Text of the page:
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The Drawing Down of Ideas: Analyzing How Images of Teachers Become Embedded in Policy

Sat, April 6, 4:10 to 6:10pm, Metro Toronto Convention Centre, Floor: 200 Level, Room 201B


Purpose. Images of teachers have been at the center of debates about educational policy for decades. People talk about teachers in ways that are rooted in historical discussions about teachers as professionals (or not), autonomous (or not), or skilled (or not). This paper investigates how deliberations about instructional policy pulls in ideas about teachers salient in the broader policy environment. We investigate the degree to which images of teachers shape district-level deliberative processes and have consequences for resulting policies.

Framework. Ideas present in the public sphere - such as pervading perceptions of teacher professionalism, skill, and capacity – are consequential in the decision-making arena. These ideas can influence both policymakers’ agenda setting and policy responses (Kingdon, 1995). More deeply, these images can embed in policy in ways that influence structure, culture, and routines on the ground (Scott, Rueff, Mendel, & Caronna, 2000). While theory suggests that certain actors influence the uptake of some ideas over others (Fligstein, 2001), we know less about the process by which ideas in the environment become embedded in policy. We study the processes of mobilization and persuasion that are set in motion as district staff make curricular decisions.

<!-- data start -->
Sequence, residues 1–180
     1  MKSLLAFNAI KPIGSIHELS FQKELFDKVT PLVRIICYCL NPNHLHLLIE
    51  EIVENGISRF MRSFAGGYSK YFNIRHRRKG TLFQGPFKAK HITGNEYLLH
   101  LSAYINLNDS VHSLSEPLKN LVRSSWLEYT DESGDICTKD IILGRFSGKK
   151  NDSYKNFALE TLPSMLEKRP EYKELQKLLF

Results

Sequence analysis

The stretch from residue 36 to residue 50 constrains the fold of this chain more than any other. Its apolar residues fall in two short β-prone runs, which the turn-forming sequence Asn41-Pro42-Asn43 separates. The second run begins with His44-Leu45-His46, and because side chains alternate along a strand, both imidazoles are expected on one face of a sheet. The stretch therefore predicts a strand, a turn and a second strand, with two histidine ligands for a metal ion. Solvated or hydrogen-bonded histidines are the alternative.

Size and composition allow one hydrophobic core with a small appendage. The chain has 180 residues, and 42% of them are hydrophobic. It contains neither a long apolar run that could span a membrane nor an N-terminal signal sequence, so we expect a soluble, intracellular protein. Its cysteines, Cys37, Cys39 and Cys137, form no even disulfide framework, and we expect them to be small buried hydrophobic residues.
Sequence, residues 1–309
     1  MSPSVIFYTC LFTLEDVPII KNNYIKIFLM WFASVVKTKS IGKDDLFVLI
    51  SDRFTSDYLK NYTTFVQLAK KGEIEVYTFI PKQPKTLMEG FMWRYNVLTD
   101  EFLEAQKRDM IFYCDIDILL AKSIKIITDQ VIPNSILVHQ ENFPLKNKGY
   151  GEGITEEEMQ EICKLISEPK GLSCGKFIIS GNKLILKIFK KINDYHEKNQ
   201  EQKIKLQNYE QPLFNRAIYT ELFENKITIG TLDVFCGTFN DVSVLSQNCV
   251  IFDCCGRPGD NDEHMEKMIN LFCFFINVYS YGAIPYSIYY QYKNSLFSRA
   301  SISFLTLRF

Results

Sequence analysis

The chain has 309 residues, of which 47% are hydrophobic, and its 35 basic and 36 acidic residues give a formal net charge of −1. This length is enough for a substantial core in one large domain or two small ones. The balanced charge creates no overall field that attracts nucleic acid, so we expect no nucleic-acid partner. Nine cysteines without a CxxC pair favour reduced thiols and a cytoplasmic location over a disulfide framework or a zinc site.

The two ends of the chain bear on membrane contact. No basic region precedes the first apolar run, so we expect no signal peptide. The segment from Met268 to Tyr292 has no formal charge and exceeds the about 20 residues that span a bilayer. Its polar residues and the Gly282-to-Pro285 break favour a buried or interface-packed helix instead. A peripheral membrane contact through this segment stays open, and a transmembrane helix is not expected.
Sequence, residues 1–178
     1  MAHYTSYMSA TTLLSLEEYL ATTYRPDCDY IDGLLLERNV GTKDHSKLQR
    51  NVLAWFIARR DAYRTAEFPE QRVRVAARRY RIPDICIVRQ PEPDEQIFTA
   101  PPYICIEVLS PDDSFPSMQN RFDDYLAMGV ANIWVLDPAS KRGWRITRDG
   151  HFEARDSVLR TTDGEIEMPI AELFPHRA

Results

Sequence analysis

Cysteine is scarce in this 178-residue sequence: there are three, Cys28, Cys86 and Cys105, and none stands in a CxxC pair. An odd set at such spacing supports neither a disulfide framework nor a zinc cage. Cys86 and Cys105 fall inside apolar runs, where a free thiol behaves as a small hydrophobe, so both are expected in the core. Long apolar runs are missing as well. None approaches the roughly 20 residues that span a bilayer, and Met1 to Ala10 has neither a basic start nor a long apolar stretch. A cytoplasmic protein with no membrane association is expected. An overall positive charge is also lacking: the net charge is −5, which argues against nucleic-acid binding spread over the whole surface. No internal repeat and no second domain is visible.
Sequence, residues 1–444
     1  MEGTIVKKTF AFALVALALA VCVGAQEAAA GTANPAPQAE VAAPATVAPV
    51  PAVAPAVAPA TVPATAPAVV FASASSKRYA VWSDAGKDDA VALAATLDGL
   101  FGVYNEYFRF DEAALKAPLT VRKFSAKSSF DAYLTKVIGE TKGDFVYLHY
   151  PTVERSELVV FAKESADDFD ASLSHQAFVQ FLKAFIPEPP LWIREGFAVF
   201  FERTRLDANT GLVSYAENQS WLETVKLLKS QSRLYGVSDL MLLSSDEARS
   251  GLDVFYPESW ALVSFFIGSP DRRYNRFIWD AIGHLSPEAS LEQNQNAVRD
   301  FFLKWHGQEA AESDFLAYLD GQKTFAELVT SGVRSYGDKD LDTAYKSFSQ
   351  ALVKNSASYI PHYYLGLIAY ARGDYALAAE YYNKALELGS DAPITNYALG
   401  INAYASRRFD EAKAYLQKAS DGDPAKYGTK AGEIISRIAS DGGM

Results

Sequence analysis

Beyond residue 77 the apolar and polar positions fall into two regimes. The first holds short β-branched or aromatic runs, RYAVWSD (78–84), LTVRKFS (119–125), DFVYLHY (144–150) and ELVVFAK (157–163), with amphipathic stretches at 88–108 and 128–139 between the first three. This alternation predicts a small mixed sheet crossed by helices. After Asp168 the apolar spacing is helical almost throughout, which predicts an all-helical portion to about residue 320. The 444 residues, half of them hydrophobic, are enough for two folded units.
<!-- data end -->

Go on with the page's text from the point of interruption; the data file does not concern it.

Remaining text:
Methods and data. We drew on 2.5 years of observation data from one urban district related to two strands of mathematics policy deliberation—one which designs curriculum and one which selects curriculum. We employed an iterative coding process by first creating a typology of teacher images based on both existing literature and our data. Next, we identified key decision-points—moments when agreement existed across multiple deliberators either in or outside of the meeting—I n each deliberation. We then analyzed the role (if any) teacher images played in each decision-point by identifying and coding how teachers were invoked leading up to the decision. This coding enabled us to analyze the role of teacher images in the resulting policies.

Results. The typology of teacher images included antagonist, influencer, laborer, martyr, naïve, professional, artisan. District leaders drew on these images as they engaged in discussion across the two deliberations. Applying this typology to the deliberations revealed that while some teacher images were more commonly invoked, they played less of a role in consequential decisions. For instance, the image of teacher as a professional shaped the final policy documents more than the image of teacher as laborer although teacher as laborer was invoked more frequently. Additionally, the type of deliberation influenced the prevalence of certain teacher images. For example, in the designing curriculum deliberation, as deliberators weighed how much teacher guidance they should provide in the math curriculum, images of teachers as laborer vs. professional were often discussed in tension with each other.

Scholarly significance. These findings provide insight into the processes that unfold as district leaders create policy for teachers. They reveal the teacher images that are in play and delineate the more nuanced roles they play in the deliberations. Importantly, these deliberations result in policies that play a role in how teachers carry out their work.


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